Bus stations are great fodder for writing because the strangest human beings are there. In fact, it was near the Providence city center bus station that I had an awkward exchange a few weeks ago. I was with a girl I know from Roswell. She attends graduate school at Harvard and came to visit Providence, and I was excited to show her around. (She’s my first Roswell visitor! Other than my mom, I suppose, who visited before I moved, so really, I didn’t do much.)
We walked into downtown, and near Kennedy Plaza, where the bus hub is, there’s a park. In the middle of the park is a fountain, and on that day the fountain looked nice, so we thought we’d get a picture in front of it (technically, I offered to take her picture, but she insisted I be in it.)
We looked for potential photographers, but there weren’t a lot of people around. There were, however, benches surrounding the fountain and some people were sitting on the benches, but mostly these were elderly men, one of whom was smoking like a chimney and another of whom looked homeless. On the other side there was a normal-ish looking African American couple in their mid-30’s. They seemed most capable operating an iPhone, so we walked over and asked if they would mind taking a picture of us.
In response to our question they stared straight ahead—not at us, into our eyes, but straight between us, as though we hadn’t just spoken to them. And they remained silent.
“You don’t have to, it’s okay,” I said after several seconds, and we attempted to walk backwards slowly, as one might do from a T-rex.
“Naw, I’ll do it,” the guy said finally.
At this point, we weren’t sure we wanted him to, but my friend reluctantly handed over her iPhone and it dawned on me why this could be a bad idea. We stood less than a foot away from while he snapped roughly eight pictures in four seconds, after which we thanked him and retrieved the phone.
It was then that the woman spoke. “You shouldn’t be asking people around here to take your picture. They’ll [censored] steal your phone. That’s stupid is what it is.”
“Okay, thanks, bye!”
We walked quickly away and I wondered if during that long period of silence when neither of them acknowledged our presence, if they were thinking about whether or not we’d chase after them for our phone. Or maybe they were contemplating what planet we were from (a legitimate question given we’re from Roswell). Either way, it was one of the weirdest experiences I’ve had in Providence, and I’d consider the park normal compared to Kennedy Plaza. That’s where I picked up my bus today.
Where are you bussing to? you might ask.
Well, my friend. I’ll tell you.
I’m headed to New York City, where I’ll spend the evening with my good friend DOCTOR Nik the Greek (it’s possible I forgot to address him by his correct title recently), whom you may remember from the US Open. He’s fluent in enough of the World Cup languages to make the average American feel shame (“Hi, yes, I took seven years of a language and no, I cannot say anything. Go away.”), and he’ll be giving me a crash course in Italian—that is, taking me to an authentic Italian restaurant and teaching me how to read a menu by myself—because I will be headed to Italy.
That’s right: ITALY! Home of gelato!!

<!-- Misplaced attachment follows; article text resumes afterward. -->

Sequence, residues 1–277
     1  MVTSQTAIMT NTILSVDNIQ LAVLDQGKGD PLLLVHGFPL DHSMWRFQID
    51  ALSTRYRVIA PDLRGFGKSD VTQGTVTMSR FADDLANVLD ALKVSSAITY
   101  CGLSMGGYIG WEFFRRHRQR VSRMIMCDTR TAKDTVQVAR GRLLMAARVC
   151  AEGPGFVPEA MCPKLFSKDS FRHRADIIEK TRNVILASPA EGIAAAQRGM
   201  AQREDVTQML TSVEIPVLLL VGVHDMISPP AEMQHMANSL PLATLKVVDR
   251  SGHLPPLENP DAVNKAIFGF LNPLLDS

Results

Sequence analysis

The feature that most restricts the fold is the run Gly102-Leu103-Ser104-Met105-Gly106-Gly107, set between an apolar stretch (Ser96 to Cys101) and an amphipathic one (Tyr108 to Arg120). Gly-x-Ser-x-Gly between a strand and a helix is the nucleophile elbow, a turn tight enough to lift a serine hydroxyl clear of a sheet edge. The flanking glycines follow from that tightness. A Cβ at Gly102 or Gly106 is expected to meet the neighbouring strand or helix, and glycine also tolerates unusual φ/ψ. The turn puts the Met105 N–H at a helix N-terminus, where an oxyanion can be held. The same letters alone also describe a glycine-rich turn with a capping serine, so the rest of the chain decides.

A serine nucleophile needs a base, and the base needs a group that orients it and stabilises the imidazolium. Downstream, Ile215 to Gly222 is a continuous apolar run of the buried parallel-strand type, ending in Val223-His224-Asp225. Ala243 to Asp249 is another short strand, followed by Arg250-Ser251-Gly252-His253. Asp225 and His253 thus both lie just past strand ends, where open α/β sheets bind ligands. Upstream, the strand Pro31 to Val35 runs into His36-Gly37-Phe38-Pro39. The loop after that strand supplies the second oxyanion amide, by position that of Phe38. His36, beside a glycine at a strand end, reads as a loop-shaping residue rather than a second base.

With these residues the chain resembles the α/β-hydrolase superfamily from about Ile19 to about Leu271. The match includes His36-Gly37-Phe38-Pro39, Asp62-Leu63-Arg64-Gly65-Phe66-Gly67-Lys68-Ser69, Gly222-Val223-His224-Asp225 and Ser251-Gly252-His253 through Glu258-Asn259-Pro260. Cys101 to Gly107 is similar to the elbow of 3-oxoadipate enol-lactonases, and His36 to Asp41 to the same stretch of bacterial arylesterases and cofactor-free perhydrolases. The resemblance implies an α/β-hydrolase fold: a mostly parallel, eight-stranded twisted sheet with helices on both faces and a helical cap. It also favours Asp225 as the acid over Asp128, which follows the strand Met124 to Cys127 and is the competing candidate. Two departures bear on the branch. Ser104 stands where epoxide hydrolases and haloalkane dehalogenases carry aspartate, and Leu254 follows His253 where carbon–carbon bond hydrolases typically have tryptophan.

It’s like the mother ship is calling me home.
But that’s not my first stop. It’s actually my last stop, where I’ll be going to see my friend get married in an Iranian-Italian style celebration (in which I may be the only, single-language speaking, full-blooded American.) But more about that later.
To begin my trip, I will be flying to Germany to join one of my best friends in the whole world**, Lauren Sue.
She moved to Germany with her husband last Fall, and she opened an invitation for me to stay with her, to which I said, “I hope you’re serious because I’m booking my plane ticket.” We will be causing trouble semi-locally and then venturing up to Scotland, a country we’ve wanted to visit together since 2008. Our “Scotland face,” which we created to denote our anticipation of visiting Scotland, is one of unabated joy.
My travel diaries will thus begin today and continue for the next five weeks. (Five weeks!?! Yes, I know.) As always, I will make grand promises to blog often and then not follow through with them, BUT! Lauren is a writer, too, (her blog is
), so maybe we can encourage each other to write regularly. We will certainly have things to say—and if we’re lucky, we will even make videos. (Our last video involved me singing “Come little children” [think Hocus Pocus] to Carlos, a child we saw on the Lanai ferry whom we wanted to steal and carry in our own Hangover baby sling.) It should be incredible, if not mildly disturbing.
If you’re looking for a blog that offers practical travel advice, this probably isn’t it**. If you’re interested in learning about the things that could potentially go wrong, like one in a million odds, you might be getting closer. If you’re looking for entertainment and pictures, this is it!
**unless it relates to properly insuring your rental car
I will sign off for now. My bus is running late—no surprise there, though I’m upset because it’s going to delay dinner—and I’ve been listening to some woman talk on the phone to what sounds like her booty-call non-boyfriend for the past hour, despite repeated announcements to “please refrain from using cell phones for conversation unless it’s an emergency.” (She’s playfully said, “Shut up” at least fourteen times.)
At least when I’m in a foreign country, I’ll have no idea what they’re saying and it’ll all sound beautiful.
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